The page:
In Raleigh, North Carolina they are engineering a solution to a worldwide problem: understanding the recruitment, retention, and skills development needs of today’s leading energy and technology providers. Spearheaded by the Research Triangle Cleantech Cluster (RTCC) and RTI International, this local initiative is gaining global traction in a race to uncover an elite talent pool.
The Research Triangle Cleantech Cluster (RTCC) is an initiative of business, government, academic and non-profit leaders. RTCC is one of 50 Cleantech Clusters around the world, which are all part of the Global Cleantech Cluster Association (GCCA). Their goal: to drive sustainable, regional economic development on both a local and global scale.
To accomplish that mission, the RTCC teamed up with RTI International, one of the world's leading nonprofit research institutes, headquartered in the Research Triangle that provides research and technical services, to perform a talent survey for the energy and technology staffing needs. As an independent, nonprofit institute, RTI International surveyed 687 energy-and technology-related companies in the Research Triangle region.
Talent Needs for Energy and Technology Employers
The purpose of the survey was to better understand the recruitment, retention, and skill development needs of employees. In the end, 123 companies responded, yielding a diverse survey that represented a range of companies in terms of size and employment need.
- 65% respondents found it difficult to hire mid-level workers with industry experience
- Companies reported it difficult to source talent possessing technical backgrounds along with business, communication, and sales/marketing skills
- The most common technical skill needed by companies is software/programming to keep up with companies’ projected growth in IT, software, and analytics
- Other skills needed include regulatory experts and professionals who understand future energy industry and markets
- Six other positions/areas of expertise made the list for the most in-demand and the most difficult to hire for, and include: sales engineers, project managers, legal and regulatory, data analysis, sales and marketing, and business management
Are passive candidates the answer?
So, what’s really going on here? The primary reason it is difficult to hire mid-level workers with engineering experience, as well as well-rounded candidates for niche positions, is that most of these individuals are passive candidates; meaning that they are happy, or happy enough in their current job.
Companies utilize social media, job posting sites, and have the ability to post jobs on their corporate website, so there shouldn’t be a problem finding a candidate, right? Not when it comes to passive candidates. Because they are happy, appreciated by their current employer, fairly compensated, and don’t really have a reason to perform a job search, passive candidates are not easily found, and they’re not easily recruited either.
Engineering a Solution to the Skills Gap
The survey helps validate what the technology and energy employers may already know, that finding candidates, especially passive candidates, for mid-level positions is only going to get more challenging. The research shows that there are opportunities to strengthen the talent pool for mid-level experienced workers by improving access between these workers and employers through networking, as well as by improving the readiness and skillsets of more junior-level talent to help fill this gap. But, how can these be further improved and in less time?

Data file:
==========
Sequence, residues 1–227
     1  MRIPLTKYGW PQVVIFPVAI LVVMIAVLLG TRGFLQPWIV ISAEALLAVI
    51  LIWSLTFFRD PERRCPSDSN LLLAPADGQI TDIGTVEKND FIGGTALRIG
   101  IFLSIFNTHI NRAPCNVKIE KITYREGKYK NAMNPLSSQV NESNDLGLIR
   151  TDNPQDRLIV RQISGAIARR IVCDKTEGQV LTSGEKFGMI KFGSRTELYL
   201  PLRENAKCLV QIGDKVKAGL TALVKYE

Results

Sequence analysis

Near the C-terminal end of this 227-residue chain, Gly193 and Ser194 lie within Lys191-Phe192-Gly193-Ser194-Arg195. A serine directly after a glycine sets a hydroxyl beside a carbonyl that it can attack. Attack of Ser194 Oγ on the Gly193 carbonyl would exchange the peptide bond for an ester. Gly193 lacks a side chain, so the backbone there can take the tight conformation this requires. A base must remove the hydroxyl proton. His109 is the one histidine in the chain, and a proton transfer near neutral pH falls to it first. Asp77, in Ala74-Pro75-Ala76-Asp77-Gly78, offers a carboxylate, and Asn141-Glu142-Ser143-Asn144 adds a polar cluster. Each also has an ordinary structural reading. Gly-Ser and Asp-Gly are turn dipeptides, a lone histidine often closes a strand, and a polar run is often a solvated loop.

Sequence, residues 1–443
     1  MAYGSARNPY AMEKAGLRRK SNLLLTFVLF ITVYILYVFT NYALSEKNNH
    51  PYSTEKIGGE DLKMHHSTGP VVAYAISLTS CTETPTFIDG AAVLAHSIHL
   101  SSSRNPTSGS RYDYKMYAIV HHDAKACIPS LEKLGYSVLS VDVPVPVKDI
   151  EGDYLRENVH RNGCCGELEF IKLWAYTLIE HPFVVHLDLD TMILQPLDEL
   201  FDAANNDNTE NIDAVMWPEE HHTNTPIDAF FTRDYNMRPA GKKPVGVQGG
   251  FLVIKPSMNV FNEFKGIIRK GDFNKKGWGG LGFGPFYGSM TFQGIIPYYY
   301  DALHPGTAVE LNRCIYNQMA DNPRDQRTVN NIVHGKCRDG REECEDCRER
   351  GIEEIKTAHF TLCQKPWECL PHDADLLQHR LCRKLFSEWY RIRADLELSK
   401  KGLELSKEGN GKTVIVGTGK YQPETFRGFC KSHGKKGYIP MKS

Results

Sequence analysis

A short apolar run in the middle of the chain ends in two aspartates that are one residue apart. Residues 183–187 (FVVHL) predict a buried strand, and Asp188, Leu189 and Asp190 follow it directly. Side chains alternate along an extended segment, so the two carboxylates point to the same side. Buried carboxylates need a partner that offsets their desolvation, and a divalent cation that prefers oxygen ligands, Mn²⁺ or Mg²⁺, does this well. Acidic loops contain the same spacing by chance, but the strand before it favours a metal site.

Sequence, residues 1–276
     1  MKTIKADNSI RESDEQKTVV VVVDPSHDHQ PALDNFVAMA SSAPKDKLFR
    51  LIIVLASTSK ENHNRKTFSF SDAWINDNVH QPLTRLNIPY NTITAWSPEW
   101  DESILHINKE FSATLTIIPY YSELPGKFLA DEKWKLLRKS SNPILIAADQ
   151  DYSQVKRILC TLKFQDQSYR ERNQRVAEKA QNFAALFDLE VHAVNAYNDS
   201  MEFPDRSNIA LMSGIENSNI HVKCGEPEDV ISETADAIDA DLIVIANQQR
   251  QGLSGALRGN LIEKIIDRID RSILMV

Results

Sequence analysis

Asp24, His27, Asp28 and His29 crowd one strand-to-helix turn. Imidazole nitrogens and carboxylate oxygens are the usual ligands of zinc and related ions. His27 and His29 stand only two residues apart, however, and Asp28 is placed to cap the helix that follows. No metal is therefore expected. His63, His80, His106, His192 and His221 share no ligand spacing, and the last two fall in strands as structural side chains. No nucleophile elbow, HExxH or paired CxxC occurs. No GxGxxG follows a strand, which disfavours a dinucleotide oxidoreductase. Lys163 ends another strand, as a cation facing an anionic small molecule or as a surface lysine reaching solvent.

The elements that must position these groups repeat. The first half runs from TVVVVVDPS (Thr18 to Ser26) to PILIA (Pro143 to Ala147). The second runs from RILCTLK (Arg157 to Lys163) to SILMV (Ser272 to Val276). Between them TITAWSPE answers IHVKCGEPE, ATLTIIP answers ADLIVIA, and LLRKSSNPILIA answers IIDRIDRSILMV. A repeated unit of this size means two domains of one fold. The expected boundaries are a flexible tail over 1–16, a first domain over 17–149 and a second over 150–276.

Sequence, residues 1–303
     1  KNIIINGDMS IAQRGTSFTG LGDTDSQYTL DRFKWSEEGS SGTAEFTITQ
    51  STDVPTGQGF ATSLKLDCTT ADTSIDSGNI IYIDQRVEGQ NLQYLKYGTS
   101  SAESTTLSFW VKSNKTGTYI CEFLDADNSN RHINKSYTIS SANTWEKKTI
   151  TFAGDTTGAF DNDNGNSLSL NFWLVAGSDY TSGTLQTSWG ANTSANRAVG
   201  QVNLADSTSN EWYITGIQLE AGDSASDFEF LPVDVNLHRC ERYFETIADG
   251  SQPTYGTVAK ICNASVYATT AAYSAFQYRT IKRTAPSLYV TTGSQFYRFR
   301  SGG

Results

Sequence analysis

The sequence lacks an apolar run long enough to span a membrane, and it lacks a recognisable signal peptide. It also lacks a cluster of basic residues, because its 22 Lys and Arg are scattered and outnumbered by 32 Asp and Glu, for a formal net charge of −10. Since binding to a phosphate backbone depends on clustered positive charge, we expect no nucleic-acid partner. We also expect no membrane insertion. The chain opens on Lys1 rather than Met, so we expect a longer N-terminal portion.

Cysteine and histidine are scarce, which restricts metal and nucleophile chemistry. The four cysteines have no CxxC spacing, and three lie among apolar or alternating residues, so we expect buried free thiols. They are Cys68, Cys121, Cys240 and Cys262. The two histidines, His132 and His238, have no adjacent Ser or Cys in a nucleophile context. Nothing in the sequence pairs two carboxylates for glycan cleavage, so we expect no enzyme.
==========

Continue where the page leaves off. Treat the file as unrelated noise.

For networking opportunities, interest groups and government can assist the technology and energy industries by providing valuable networking opportunities between employers and candidates. As far as readying those junior level candidates, the study found that employers believe that stressing science, engineering, technology, and math (STEM), communication, and real-world work instruction within current K-16 curriculums, will help close this gap.
Not only is the hiring gap happening in Raleigh, NC, but it is an issue around the globe. While it’s very refreshing and enterprising that companies like RTCC and RTI are taking note of such market data, and addressing the issue at hand to hire and retain great talent in their region, unfortunately it’s not quite enough. In the end, the economy and our local communities depend on engineering employers and employees to do what they do best: innovate solutions to new problems. Because this problem is certainly not going away any time soon.
This blog was written by Alison Godley. Alison is a new Business and Development Manager at Yoh, tasked with establishing business in the Research Triangle region of North Carolina. Alison was born and raised in this region, and is passionate about serving the clients and community in the Triangle. Alison has experience in customer service, sales, marketing, and purchasing, both in the staffing and life sciences industry. Alison has a BS in Communication from East Carolina University.
About the RTCC: RTCC works to ensure the Triangle region is recognized for its leadership in research, innovation and growth in the clean technology sector by leading a global marketing program, promoting cleantech business growth, and by engaging and convening cluster companies and partners.
The cluster was formed and is managed by the Research Triangle Regional Partnership (RTRP). RTRP is a public-private partnership which leads marketing and strategic economic development coordination of North Carolina’s Research Triangle Region, including the area within a 60-mile radius of Research Triangle Park (RTP) in North Carolina. The RTRP formed and manages the cluster with funding from their board members made up of industry partners and competitors.